Rise of con artists a scourge on society

Scams come in many shapes and forms, from con artists at the door to dodgy offers in your mail. Picture: Toby Williams
Scams come in many shapes and forms, from con artists at the door to dodgy offers in your mail. Picture: Toby Williams
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THE knock on the door brings the kind offer to carry out some vital repair work right away at an impossibly good rate.

Then there’s the worrying phone call from the bank. Don’t panic, just hand over your savings and everything will be just fine.

E-mails from friends stranded in far-flung places and in desperate need of a quick loan, or others offering a lottery fortune in exchange for, strange as it sounds, a large payment.

How about the helpful caller who offers to fix the computer you didn’t know was malfunctioning, just let them take over remote control of it, don’t worry that your bank details and passwords are all on there, and everything will be fine?

Put like that in plain black and white, it seems ludicrous that anyone might be tempted to fall for the bogus workman, the devious conman caller or e-mail scammer.

But every year more than three million of us fall victim to scams, losing hundreds, sometimes thousands of pounds. It is thought around 48 per cent of us in the UK have been affected and yet only around five per cent of cases are reported. Most despicably, many of those hardest hurt are the most vulnerable.

For them, sadly, the impact of being robbed and tricked in their own home can have devastating consequences. Home Office research found in 2003 that elderly victims of distraction burglary – another name for bogus callers – declined in health faster than their non-victimised peers.

Since then the tricks and scams have evolved dramatically as con artists take advantage of our increasing reliance on the internet and phone to conduct our financial business: online shopping and auction scams were the most common fraud reported in 2013 at the cost of £63.6 million.

One of the most prevalent cons at the moment involves a smooth-talking caller claiming to be from the victim’s bank and cunningly convincing them to simply deposit their savings into a bogus account. That’s what almost happened earlier this month to a 93-year-old Edinburgh woman, who was convinced into believing she had to withdraw a four figure sum from her own account and place it in a ‘safe’ account. She was only stopped from doing so after speaking to her bank and her family.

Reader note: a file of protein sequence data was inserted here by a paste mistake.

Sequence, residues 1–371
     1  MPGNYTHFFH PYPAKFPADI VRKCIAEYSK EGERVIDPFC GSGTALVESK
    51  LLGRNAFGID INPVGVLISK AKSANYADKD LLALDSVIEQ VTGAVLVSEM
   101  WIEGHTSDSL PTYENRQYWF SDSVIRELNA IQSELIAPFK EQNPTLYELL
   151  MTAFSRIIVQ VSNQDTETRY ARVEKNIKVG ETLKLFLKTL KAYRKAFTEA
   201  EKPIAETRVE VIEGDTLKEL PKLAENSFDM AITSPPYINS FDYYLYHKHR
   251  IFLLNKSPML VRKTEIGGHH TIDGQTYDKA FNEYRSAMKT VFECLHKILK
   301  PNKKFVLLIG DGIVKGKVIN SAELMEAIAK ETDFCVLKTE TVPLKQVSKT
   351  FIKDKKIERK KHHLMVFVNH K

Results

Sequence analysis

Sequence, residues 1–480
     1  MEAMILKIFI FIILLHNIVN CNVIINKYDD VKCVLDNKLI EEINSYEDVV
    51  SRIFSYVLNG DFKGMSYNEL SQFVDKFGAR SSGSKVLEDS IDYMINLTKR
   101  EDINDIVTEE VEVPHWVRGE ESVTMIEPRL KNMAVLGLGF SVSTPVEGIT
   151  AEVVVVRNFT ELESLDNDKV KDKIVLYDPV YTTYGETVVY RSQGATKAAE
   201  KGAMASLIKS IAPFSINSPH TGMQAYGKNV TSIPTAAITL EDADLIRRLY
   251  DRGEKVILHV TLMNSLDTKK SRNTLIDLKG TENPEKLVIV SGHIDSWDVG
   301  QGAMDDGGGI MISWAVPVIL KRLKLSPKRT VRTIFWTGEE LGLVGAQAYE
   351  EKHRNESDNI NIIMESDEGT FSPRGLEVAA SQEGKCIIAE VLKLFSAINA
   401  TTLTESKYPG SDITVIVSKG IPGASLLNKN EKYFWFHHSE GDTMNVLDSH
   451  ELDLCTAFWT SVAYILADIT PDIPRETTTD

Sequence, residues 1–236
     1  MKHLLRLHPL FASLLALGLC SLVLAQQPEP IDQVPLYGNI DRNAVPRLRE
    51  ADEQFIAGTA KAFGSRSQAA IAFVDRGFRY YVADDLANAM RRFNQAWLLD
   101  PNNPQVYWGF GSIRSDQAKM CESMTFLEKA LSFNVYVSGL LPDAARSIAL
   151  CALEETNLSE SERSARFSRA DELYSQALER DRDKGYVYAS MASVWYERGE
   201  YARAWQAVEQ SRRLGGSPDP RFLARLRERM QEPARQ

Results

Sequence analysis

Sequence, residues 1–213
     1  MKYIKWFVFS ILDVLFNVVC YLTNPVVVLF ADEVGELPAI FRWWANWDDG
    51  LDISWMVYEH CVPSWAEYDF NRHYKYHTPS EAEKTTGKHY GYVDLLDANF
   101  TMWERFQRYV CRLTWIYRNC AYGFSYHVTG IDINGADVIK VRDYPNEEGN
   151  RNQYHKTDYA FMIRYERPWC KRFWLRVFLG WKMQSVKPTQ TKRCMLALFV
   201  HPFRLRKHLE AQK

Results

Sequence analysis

Less fortunate was the Falkirk man a few weeks earlier, who deposited more than £15,000 into the conman’s hands.

In that case, the caller had a polite Edinburgh accent and claimed to be from the Royal Bank of Scotland situated at ­Gogarburn.

But it’s not only over the phone that innocent and vulnerable people can be caught out. E-mail scams which offer investment deals, often diverting people to glossy and seemingly valid websites are causing increasing concern.

It makes door-to-door ‘rogue traders’, who appear unannounced and smooth talk householders into getting unnecessary work done seem almost dated in their methods. Yet they still successfully defraud thousands of people every year.

Katie Docherty, head of charity services at Age Scotland, warns: “Scams can come in many forms, from rogue traders on your doorstep to phone scammers trying to steal account details. People don’t only lose money and time as a result of this criminal behaviour, but can also face diminished self-esteem and a loss of dignity.” The sums of money lost by innocent victims can be considerable. At one point the police doorstep crime strategy in Edinburgh, dubbed Operation Aristotle, was looking into ten cases which alone had resulted in £400,000 of losses to the victims. According to DC Ben Leathes, who oversees Operation Aristotle, the west of the city can be a hot spot for rogue traders. However, they can strike at anywhere at any time of the year.

“These crimes have a very negative impact on victims’ quality of life,” he says. “To the extent that even their life expectancy can be significantly reduced as a result. Most prevalent is the person that offers to carry out roof work.

“They exploit the fact the most people can’t usually see what is going on up on the roof and so if they are told there is something badly in need of repair and there’ll be further damage if it’s not repaired.

“If you are not expecting anyone to carry out any work on your property and the caller is totally unannounced, do not enter in to any discussion with them,” advises DC Leathes.

“Just thank them for pointing out the problem and tell them you will look into it.

“And don’t be persuaded to join them at the end of the garden to look up at the roof or the overgrown trees – just in case they are operating with another person who might go inside while you’re distracted.

“If in any doubt about a caller or if you see someone acting suspiciously, call the police on 101.”

n Age Scotland has advice for people concerned about rogue traders and scams. Contact their advice line Silver Line Scotland on 0800 4 70 80 90.

For advice and to request free guides for staying safe and avoiding scams.